Data from: Study "LifeTrack White Stork Bavaria" (2014-2019)

Human-induced changes in climate and environment are challenging the existence of migratory species. Species with diverse and flexible migratory behaviour suffer less from population decline, as they are more capable to respond by altering migratory behaviour. At the individual-level, variations in migratory behaviour may lead to differences in fitness and subsequently influence demographic dynamics. Using lifetime GPS bio-logging data from 169 white storks (Ciconia ciconia), we answer whether their recently shortened migration has survival benefit during the juvenile stage, the riskiest life period for many migrants. We also explore how other variations in migratory decisions (i.e. time, destination), movement activity (measured by the overall body dynamic acceleration), and early life conditions influence juveniles’ survival. We observed that first autumn migration was the riskiest period for juvenile white storks. Individuals that migrated shorter distances and fledged earlier experienced lower mortality risk. In addition, higher movement activity and overwintering “closer-to-home” in Europe and North Africa (84.21% of tracked individuals adopted this new strategy) were associated with higher survival. Our study shows how avian migrants can change life history decisions linked to fitness over few decades and thus helps us to understand and predict how migrants respond to the changing world.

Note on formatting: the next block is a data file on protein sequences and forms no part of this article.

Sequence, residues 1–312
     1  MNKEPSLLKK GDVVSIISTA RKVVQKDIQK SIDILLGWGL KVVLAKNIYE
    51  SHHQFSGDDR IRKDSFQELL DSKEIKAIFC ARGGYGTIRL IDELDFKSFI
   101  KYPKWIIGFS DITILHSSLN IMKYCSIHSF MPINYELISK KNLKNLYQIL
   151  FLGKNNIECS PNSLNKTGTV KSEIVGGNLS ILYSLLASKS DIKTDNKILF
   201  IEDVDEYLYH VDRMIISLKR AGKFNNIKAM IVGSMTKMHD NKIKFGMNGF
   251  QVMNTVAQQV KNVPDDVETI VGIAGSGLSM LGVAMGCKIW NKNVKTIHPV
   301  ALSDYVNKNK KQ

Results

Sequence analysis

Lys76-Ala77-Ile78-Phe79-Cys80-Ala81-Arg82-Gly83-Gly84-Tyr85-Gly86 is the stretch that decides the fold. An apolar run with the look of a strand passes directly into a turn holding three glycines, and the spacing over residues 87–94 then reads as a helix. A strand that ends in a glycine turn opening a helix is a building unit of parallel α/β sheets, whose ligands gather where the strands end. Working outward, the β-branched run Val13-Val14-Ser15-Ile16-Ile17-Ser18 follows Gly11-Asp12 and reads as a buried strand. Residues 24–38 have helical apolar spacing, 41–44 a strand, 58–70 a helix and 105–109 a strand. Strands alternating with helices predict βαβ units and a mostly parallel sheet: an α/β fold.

Ciconia ciconia,animal migration,animal movement,animal tracking,avian migration,bio-logging,Ciconia ciconia,GPS logger,GSM telemetry,migration,white stork
Ciconia ciconia
White Stork
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2024-01-17 16:39:57
This second version contains an additional four years of data.
2019-07-23 18:19:56
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